This week saw the retirement of the kind of American whom Horatio Alger, Jr. used to write books about. Today, that same American could get blamed for everything from childhood obesity to animal cruelty to profiteering off the backs of the downtrodden to increasing income disparity. Here at Control Your Cash, we’ve chosen to find him remarkable. And a shining example of what do to after high school.
Jim Skinner was one of America’s foremost CEOs. The 67-year old spent 8 years as McDonald’s’ chief executive officer.
Big deal. He took the reins of a company that was already a titan. Any business school graduate could do that.
First, it’s not easy to take over a company that’s supposed to thrive. The downside of such a position vastly outweighs the upside, and if you don’t believe that ask John Sculley (Apple CEO, 1983-1993), Roger Enrico (PepsiCo CEO, 1996-2001), or Antonio Perez (Eastman Kodak CEO, 2005-whenever this bankruptcy finally goes through.) Heck, even Apple’s current CEO Tim Cook is 0-for-1 in presiding over groundbreaking product launches since Steve Jobs’s death. (If there’s an appreciable difference between the resolutions of the iPad 2 and its successor, we can’t see it.)
Phil Jackson coached a record 11 NBA championship teams, and was similarly disregarded for the allegedly failsafe situations he was placed in. If you think it’s easy to coach capricious superstars such as Michael Jordan and Kobe Bryant – guys who take sadistic pleasure in exposing and exploiting the weaknesses of their teammates, never mind their opponents – go ask the coaches who were placed in even better situations, the coaches who replaced Jackson himself. The complete list includes Tim Floyd, who finished his career more games under .500 than any coach in NBA history; Rudy Tomjanovich, who lasted barely half a season before quitting; and Mike Brown, who’s presiding over open mutiny as we speak.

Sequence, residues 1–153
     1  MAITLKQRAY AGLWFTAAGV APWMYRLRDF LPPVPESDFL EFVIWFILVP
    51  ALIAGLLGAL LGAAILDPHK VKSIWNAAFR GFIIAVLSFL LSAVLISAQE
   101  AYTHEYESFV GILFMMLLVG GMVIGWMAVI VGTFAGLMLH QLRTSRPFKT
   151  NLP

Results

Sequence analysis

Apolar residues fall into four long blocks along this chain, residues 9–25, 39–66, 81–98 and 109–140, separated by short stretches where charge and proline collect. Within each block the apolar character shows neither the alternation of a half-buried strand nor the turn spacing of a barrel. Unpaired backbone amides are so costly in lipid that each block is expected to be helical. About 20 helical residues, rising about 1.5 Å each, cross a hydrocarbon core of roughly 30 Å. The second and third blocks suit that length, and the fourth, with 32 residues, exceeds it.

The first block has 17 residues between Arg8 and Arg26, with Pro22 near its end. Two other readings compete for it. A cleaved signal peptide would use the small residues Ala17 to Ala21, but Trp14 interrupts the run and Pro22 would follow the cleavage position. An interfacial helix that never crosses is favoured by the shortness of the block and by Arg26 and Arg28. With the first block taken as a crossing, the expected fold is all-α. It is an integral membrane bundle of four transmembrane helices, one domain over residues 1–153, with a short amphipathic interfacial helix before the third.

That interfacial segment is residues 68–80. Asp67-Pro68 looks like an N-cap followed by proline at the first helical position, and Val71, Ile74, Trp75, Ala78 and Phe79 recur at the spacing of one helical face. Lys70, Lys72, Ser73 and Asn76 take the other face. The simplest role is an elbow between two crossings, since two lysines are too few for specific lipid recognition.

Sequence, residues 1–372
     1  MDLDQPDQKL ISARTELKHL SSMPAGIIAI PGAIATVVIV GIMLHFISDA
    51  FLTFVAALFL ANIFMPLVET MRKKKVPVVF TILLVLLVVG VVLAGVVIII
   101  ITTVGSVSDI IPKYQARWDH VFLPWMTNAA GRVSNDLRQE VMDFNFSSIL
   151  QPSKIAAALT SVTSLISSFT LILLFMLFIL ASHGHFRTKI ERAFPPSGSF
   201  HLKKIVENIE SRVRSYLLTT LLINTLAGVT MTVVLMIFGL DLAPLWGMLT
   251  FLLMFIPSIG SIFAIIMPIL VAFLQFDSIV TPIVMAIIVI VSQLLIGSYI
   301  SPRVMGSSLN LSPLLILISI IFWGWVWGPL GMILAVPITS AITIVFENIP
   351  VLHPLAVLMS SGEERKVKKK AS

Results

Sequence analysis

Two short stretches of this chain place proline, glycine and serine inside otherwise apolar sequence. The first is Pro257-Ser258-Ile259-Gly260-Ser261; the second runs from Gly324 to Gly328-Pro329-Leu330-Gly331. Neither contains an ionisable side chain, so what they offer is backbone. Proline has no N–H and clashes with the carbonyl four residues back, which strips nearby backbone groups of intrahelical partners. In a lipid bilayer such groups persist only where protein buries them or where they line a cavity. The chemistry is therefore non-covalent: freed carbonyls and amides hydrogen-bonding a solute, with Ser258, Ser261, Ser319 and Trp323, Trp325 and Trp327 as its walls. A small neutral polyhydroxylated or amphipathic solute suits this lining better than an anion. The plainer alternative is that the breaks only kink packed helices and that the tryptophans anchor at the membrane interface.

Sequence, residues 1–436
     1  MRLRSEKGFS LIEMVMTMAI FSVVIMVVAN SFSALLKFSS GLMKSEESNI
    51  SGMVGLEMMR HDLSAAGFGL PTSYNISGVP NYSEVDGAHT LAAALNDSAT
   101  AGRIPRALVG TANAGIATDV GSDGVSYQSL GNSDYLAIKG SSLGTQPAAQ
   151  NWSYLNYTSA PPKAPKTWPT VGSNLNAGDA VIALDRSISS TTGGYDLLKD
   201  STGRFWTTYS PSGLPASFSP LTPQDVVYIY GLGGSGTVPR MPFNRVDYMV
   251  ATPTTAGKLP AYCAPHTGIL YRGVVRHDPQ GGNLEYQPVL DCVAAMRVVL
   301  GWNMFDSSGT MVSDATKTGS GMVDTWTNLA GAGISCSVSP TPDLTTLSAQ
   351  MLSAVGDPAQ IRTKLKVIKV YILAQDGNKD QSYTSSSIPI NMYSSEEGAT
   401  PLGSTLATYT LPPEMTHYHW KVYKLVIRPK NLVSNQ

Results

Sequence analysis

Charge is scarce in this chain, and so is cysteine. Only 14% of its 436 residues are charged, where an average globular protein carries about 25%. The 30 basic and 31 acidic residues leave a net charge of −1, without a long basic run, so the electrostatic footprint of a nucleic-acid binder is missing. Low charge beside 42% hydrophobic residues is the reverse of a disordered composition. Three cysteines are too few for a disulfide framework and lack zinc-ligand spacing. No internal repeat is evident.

Don Thompson, Skinner’s replacement, will need all the help he can get.*
Skinner never graduated from college. He spent 2 years taking night courses at something called Roosevelt University, a private school in Chicago. Its most famous living alumni are former Black Panther Bobby Rush and the guy who plays keyboards for Chicago, the band.
Skinner wasn’t on a regular college schedule, seeing as he had enlisted in the Navy as a teenager. His Navy tenure lasted a decade, and included stints in Vietnam. He saw combat. And returned home at 27 to…flip burgers.
Restaurant management trainee. The kind of job that lots of people scoff at, down to and including many of the baristas and sales associates who make less money per hour than fast-food restaurant managers do. We’re guessing the discipline and responsibility Skinner learned in the Navy meant more to the bosses he answered to on the way up than did anything he learned during his brief tertiary education.
As Skinner himself put it, concerning succeeding generations of management trainees:
They know they have to perform. You don’t get a bye because you walked in off the street and went to Harvard. (New York Times)